IL - In Latin America this new approach links our organization with other social groups, with trade unions and governments; it capitalizes on a number of efforts that we’ve been carrying out. And working in this region, which has one of the highest rates of inequality, is certainly a challenge!


-When we speak of human rights here in the South, the idea that I have is that in our collective mind it is associated with the human rights violations committed by the de facto governments. Do you get that same impression?


IL - Yes. In fact, I think there’s a very narrow view of what human rights are, not just in our region, but also globally. It’s not easy to make people understand that human rights are so much more than that, that they also include civil and political rights, economic rights, cultural rights, etc.


Another barrier that stands in the way of defending human rights is the idea of the violation of rights, because it implies that if a right isn’t violated there’s no need to defend it. Ideally we should defend all rights all the time, in the course of our daily lives, at every level.


-Latin America has never been as “democratic” as it is today, and never before has it been so poor; and this entails a complex and extremely dangerous situation if we don’t perceive democracy as an instrument for achieving social welfare…


Claudia Serrón (CS) - Which is why one of the key goals of this campaign is to get stakeholders to participate actively. In all its recent campaigns Amnesty International has stressed this. We need to bring people out of the vicious cycles of poverty and exclusion. To do that we need to increase awareness of what our rights as citizens and workers are, and based on that awareness, use whatever tools we have available to demand respect for our rights.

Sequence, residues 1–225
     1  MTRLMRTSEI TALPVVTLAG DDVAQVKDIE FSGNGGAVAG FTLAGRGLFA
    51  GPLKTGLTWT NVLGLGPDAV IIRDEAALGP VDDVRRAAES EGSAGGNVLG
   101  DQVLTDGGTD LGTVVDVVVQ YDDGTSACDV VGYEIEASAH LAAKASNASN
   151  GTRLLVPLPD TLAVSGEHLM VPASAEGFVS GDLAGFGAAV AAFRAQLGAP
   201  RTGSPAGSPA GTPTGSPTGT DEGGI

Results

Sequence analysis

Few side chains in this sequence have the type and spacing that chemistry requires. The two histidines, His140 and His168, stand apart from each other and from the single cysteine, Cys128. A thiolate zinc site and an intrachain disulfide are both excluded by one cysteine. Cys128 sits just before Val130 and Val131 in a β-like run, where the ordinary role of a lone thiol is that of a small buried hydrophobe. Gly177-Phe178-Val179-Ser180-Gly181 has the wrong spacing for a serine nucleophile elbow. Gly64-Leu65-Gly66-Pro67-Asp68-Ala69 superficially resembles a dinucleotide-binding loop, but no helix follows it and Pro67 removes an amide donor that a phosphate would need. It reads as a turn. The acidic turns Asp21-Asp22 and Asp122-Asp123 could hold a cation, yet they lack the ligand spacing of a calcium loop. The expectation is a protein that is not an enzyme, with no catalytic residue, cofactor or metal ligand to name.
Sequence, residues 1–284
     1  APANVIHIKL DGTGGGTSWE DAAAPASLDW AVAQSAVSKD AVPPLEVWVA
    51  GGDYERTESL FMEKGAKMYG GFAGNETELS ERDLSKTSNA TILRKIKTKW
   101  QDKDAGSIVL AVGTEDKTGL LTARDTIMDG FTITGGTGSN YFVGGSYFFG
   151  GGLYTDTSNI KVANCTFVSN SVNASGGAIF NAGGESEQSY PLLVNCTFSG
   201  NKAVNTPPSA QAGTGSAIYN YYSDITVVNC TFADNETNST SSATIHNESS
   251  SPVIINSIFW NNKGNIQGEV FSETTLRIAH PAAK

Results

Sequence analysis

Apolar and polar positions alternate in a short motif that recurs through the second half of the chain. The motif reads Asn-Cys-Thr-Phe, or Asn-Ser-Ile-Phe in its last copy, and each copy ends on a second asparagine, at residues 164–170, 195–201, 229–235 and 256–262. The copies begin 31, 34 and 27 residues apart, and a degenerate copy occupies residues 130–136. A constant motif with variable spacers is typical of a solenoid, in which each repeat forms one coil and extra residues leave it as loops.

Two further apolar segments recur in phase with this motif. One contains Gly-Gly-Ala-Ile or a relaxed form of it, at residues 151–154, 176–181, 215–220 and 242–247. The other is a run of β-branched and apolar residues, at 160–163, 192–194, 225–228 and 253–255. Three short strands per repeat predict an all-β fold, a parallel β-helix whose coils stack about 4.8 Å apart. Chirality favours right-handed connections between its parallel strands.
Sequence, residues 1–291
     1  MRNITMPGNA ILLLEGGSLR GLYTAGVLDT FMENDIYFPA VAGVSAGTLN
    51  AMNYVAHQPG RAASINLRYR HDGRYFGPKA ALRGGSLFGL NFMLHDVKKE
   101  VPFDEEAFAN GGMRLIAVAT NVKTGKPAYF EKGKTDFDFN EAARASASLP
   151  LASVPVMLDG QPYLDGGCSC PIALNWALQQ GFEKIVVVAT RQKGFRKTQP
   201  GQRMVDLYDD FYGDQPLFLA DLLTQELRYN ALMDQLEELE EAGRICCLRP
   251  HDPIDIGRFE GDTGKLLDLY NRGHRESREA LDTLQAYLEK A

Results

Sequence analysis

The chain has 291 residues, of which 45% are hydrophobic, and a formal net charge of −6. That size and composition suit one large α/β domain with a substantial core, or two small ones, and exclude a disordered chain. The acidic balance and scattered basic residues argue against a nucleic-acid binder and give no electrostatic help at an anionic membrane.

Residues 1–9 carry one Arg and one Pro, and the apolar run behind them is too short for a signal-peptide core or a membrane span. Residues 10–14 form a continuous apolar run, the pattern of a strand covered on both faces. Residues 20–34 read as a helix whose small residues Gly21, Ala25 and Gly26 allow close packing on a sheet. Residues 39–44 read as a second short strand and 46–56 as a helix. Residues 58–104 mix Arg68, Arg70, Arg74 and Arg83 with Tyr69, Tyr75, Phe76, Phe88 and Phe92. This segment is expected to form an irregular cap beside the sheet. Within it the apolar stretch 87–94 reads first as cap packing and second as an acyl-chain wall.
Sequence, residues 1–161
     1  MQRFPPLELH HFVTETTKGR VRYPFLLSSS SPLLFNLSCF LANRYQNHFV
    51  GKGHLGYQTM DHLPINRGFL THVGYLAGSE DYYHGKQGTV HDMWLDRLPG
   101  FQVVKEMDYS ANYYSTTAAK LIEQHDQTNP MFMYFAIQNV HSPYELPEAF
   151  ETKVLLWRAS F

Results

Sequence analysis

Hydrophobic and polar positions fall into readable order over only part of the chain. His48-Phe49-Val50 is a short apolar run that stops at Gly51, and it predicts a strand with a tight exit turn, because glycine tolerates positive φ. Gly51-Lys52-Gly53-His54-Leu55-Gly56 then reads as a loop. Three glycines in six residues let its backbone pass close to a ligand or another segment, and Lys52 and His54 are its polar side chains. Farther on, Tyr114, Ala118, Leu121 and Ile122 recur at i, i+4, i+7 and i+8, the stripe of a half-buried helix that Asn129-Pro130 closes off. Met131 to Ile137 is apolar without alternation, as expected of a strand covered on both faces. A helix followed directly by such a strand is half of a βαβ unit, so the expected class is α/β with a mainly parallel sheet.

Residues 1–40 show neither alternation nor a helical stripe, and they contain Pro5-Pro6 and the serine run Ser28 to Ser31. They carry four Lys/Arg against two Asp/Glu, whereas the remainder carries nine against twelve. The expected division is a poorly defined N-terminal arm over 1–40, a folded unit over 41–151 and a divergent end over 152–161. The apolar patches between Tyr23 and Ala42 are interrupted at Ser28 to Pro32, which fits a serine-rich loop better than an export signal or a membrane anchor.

We must focus on the power each of us has as an individual, because democracy is important, it’s necessary, but it’s not enough to guarantee every right.


-Do you have a lot young people coming to Amnesty International for information and to get involved?


IL - Yes. Although they’re not participating in the same way they did in the  past. They’re using the new computer tools and technologies to get involved. But Amnesty International still needs to look for ways to incorporate people of all ages to its efforts. That is the challenge we have before us.


Our main goal is to make people more aware of their rights so they can protect them, and that means learning to use the new media and technical tools available today.


-Do you see the IUF as an ally in your “Demand Dignity” campaign?


IL - Absolutely. The IUF is a very important ally because it reaches a lot of people, has the capacity to influence organized workers and has a broad experience in the labor movement.


This campaign gives us an excuse to coordinate actions and leverage our common causes. It is a way of formalizing links that have united us for a long time.

From Montevideo, Gerardo Iglesias


November 30, 2009




Photos: Rel-UITA